Petty dominated the race and finished three laps ahead of second-place Paul Goldsmith. Ford's boycott of the 1966 racing season (following Chrysler's boycott in 1965) certainly affected fans' interest as only 12,000 spectators attended including 5,000 Boy Scouts admitted free.
|Source: Motor Racing Programme Covers|
Don Smyle of Smyle Media provided some insight about the photographer of the victory lane picture below:lifelong collector of Plymouths. The 2008 article was written by Rick Minter - now a senior writer for RacinToday.com.
Tom Kirkland was the original Darlington track photographer starting with construction in 1949 and covered every event at the track until 1967. Tom was the first racing photographer to use a sequence camera to cover racing, an item that had to be smuggled out of communist Germany where it was manufactured at the time. Using this sequence camera, Tom captured the multiple frame accident of Jack Smith leaping the guardrail at Darlington during the 1958 Southern 500. This sequence was featured in Sports Illustrated. Because of this sequence, Tom was hired by Sports Illustrated to cover the 1959 Daytona 500 using his sequence camera. Tom captured the photo inish of the 1959 Daytona 500. Although T. Taylor Warren is credited in the press with providing the images that determined the winner, it was actually Tom's images that were the deciding factor. Tom received a letter from NASCAR that thanks him for his images and indicates they were crucial in deciding the winner of the race. By the next season nearly all the photographers covering racing had a sequence camera.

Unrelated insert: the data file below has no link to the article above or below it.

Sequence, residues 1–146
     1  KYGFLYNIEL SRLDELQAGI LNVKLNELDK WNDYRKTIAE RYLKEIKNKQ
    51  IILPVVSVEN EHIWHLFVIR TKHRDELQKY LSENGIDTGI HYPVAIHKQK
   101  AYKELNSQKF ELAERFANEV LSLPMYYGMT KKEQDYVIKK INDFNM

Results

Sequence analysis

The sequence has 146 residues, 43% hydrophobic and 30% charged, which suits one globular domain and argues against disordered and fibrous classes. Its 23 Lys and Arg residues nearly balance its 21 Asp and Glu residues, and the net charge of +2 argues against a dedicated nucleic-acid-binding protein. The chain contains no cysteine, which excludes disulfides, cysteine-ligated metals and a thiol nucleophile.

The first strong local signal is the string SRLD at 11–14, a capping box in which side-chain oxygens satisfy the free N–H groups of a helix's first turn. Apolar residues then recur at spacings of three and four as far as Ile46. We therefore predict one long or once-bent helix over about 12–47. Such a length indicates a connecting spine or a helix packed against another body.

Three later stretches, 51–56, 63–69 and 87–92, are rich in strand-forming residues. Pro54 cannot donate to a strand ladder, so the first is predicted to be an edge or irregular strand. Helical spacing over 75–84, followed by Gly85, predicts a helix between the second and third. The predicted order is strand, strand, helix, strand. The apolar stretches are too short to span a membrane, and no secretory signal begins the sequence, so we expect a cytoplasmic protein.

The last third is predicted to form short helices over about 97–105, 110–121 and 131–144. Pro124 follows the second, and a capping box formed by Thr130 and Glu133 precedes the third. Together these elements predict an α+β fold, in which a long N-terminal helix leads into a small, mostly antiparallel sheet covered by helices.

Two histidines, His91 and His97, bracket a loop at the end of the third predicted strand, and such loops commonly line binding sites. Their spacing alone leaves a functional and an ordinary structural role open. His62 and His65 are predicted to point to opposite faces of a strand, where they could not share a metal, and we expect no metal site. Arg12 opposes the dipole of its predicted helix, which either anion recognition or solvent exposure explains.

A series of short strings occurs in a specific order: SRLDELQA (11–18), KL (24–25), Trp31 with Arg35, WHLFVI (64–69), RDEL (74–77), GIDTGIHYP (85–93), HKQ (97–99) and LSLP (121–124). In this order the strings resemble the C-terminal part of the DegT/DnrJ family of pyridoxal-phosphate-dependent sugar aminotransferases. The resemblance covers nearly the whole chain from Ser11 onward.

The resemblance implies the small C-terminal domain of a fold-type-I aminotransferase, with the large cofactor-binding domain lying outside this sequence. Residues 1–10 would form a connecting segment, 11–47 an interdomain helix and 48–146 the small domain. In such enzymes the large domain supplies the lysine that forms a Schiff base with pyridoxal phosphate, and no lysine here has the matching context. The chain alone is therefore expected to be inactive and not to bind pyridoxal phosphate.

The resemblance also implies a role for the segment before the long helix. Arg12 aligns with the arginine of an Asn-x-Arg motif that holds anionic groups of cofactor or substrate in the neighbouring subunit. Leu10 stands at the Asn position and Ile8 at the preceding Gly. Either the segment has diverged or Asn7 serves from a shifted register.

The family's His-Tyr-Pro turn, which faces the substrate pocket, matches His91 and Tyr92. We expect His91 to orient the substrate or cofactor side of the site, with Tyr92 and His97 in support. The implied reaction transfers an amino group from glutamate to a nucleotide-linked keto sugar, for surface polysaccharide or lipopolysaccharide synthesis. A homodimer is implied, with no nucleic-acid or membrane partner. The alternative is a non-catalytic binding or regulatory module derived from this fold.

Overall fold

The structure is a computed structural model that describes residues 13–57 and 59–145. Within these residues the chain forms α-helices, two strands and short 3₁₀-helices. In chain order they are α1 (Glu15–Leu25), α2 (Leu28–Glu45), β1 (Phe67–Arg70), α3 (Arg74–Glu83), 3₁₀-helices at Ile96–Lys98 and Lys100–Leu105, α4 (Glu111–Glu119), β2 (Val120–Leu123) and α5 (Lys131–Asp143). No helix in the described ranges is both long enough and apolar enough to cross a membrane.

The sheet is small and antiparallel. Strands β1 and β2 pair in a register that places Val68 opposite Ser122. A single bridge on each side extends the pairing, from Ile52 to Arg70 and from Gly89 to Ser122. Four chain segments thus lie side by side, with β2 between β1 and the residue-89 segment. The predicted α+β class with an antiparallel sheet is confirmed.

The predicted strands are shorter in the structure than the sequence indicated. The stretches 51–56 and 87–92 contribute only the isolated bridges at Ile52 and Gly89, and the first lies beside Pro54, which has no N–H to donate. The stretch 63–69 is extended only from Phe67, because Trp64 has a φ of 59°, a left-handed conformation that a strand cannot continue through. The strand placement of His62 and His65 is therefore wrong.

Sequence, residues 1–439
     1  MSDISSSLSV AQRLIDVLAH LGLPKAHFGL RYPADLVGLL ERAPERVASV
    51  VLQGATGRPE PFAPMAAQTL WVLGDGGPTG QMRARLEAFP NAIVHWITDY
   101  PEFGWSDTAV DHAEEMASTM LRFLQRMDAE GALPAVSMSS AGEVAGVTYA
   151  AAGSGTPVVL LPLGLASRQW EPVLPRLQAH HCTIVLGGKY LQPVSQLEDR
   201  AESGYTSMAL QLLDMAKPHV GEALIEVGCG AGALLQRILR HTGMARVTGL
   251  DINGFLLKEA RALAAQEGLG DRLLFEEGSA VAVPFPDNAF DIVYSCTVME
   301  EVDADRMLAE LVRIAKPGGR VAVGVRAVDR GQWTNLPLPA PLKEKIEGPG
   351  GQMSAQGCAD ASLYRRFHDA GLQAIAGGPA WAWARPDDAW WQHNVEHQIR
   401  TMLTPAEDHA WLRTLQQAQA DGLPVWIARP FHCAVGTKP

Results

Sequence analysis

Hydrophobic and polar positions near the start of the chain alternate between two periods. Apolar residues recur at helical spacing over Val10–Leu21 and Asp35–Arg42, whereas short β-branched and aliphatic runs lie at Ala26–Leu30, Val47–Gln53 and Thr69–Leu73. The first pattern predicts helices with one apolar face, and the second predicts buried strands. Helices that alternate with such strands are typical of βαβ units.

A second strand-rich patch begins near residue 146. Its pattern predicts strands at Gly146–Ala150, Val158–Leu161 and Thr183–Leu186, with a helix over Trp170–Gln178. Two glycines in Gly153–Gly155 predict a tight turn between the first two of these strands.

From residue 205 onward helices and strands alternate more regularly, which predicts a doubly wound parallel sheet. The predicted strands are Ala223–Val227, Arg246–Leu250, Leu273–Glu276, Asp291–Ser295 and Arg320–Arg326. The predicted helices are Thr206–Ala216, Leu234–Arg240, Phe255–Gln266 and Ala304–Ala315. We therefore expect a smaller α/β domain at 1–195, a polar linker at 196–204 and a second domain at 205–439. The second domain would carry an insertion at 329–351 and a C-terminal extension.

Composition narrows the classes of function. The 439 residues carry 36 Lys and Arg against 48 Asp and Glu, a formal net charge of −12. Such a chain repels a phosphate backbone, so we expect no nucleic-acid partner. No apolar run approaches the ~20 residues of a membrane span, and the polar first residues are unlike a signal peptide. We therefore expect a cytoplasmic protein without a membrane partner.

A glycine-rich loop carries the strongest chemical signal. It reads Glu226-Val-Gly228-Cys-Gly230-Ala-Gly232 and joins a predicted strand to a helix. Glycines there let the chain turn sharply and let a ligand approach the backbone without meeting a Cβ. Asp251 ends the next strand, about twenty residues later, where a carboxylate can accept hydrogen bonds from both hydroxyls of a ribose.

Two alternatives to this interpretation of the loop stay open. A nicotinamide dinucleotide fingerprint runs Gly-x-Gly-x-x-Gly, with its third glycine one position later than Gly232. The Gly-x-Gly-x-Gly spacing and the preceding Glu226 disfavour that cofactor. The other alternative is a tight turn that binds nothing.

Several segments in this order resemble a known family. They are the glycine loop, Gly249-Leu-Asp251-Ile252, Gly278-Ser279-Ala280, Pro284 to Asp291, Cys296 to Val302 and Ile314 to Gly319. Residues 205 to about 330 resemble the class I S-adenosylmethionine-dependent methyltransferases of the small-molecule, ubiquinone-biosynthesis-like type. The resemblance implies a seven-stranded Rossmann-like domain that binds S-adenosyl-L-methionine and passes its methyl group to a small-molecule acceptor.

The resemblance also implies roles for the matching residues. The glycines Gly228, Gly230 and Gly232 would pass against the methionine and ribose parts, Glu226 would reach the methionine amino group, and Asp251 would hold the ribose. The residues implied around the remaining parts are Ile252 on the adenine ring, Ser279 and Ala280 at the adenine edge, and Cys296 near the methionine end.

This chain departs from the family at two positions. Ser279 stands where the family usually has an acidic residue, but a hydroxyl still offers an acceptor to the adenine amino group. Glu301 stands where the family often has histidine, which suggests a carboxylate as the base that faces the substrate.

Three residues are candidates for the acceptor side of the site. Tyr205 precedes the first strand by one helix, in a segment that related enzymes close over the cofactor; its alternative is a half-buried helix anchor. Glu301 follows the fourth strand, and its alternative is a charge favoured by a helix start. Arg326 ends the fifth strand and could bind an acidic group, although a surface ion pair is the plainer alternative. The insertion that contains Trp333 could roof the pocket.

Edited: April 29, 2014